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242 both the census tract and block group levels of aggregation. Thus, choosing both the correct analytical unit and the correct scale for measuring pollution is essential. Although higher Hispanic proportions suggested a stronger statistical relations hip with TRI pollution than higher Black p roportions and percent below poverty the results associated with the Black population and poverty rates provide necessary evide nce that not all statistical effect s from pollution sources can be captured by using a single analytical unit. Thus it becomes important to utilize more flexible analytical techniques in order to assess whether minority subgroups (e.g., Blacks) reside inside or on the edge of boundaries of census tracts or block groups. The analysis of r acial/ethnic inequity for the density of pounds and density of hazard scores suggested similar results. As observed in the locational analysis, levels of pounds and hazard scores are higher in census units containing a greater percentage of Hispanics. Additionally, a higher percentage of Asians showed a negative statistical effect while Blacks and labor force indicated a positive statistical effect on levels of pounds and hazard scores. The human health risks from toxic emissions, as measured by modeled risk scores, are also impacted by the proportion of minorities, Hispanics, and population density. Although census units associated with TRI facilities, higher emission quantities, and higher hazard scores indicated lower population density, modeled risk scores are greatest in areas of higher population density. Since the modeled risk scores are interpolated data which provide consistent scores for all analytical units, it presents an improved picture of the magnitude of health risks on the studied popul ation. Thus, the findings of the positive statistical effect of population density on adverse health risks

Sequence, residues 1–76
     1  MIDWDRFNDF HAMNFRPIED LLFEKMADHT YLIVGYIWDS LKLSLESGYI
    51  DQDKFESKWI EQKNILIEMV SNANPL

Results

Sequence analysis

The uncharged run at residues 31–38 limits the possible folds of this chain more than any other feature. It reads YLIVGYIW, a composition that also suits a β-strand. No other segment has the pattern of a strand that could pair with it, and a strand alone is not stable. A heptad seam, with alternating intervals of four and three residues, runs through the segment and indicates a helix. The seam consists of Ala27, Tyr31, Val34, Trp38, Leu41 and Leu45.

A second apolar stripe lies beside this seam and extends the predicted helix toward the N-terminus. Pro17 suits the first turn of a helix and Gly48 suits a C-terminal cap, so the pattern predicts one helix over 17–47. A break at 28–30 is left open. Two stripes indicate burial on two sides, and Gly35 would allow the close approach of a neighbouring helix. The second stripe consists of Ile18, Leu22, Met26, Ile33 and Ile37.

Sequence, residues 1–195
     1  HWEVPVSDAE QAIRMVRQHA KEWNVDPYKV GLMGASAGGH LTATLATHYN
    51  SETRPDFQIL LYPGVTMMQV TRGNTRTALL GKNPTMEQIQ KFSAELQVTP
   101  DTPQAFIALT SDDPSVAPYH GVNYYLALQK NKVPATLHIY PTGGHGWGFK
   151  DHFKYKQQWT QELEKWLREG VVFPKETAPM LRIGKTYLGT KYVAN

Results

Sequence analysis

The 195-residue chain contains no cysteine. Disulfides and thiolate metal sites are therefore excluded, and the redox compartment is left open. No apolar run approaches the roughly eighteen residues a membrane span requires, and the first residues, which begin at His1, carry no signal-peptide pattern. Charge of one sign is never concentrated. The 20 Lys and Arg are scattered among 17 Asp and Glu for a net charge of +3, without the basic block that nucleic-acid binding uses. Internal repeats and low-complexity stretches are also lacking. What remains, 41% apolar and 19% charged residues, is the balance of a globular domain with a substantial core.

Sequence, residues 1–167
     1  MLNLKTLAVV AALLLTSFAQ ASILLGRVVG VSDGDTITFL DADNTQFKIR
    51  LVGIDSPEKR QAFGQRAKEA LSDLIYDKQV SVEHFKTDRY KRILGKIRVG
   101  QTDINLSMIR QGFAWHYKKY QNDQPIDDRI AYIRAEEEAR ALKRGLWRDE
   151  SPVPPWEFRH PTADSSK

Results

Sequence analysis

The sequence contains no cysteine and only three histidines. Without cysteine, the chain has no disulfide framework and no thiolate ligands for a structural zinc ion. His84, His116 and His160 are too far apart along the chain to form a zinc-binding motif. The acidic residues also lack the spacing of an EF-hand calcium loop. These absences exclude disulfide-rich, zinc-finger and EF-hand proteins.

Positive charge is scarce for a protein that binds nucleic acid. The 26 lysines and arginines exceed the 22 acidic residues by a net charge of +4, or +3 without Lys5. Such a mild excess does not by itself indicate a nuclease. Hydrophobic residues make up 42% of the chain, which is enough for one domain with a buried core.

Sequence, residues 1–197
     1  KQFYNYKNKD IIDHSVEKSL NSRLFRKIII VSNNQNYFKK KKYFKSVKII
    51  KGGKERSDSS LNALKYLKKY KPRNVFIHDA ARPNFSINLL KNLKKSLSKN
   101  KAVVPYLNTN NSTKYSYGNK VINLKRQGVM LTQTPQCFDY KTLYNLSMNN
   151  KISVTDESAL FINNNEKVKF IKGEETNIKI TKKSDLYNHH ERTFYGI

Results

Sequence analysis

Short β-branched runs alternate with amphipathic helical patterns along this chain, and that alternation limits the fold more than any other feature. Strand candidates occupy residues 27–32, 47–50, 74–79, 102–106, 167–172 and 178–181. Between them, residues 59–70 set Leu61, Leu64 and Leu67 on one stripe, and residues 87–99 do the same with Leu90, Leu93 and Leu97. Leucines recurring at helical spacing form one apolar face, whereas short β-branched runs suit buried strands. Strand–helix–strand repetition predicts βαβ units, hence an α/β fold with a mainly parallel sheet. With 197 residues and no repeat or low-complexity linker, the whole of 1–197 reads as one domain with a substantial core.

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243 from air pollution are consistent with other environmental justice and health disparities studies (Krieger a nd Subramanian 2003; Gee and Payne Sturges 2004; Maantay 2005; Payne Sturges and Gee 2006; Krieger 2005; Chen et al. 2006) The Hispanic population represents the minority subgroup exposed to the highest levels of health risk in the study area, while the Asian population is facing the lowest health risks The Black population, on the other hand, experiences an increase in health risks only when neighbor relationships in the analysis of spatial dependence are based on the distance based approach Most of the model results suggest that the Black and Hispanic populations within the boundaries of both the analytical units have the greatest health risks. While these two minority subgroups share the same spaces in certain parts of the study area, the history of a greater density of Blacks residing within the inner core and Hispanics being more dispersed throughout the HoustonMSA may influence these findings. The findings for owner occupied housing are also consistent with the results of previous environment al justice studies that found fewer toxic facilities and lower levels of pollution in areas with smaller home ownership rate (Morello Frosch et al. 2001; Ash and Fetter 2004; Pastor Jr et al. 2005) 9.2 Effect of Regression Methodology and Analytical Unit Selection Ordinary Least Squares Regression vs. Spatial Regression An important goal of this research was to implement multivariate regression models that considered the effect of spatial dependence and do not violate the assumptions of ordinary least squares regression (OLS) regression, in order to obtain a clearer picture of the disproportionate impacts of industrial pollution in the HoustonMSA. OLS regression was the traditional modeling technique utilized to examine the statistical effects of various racial/ethnic and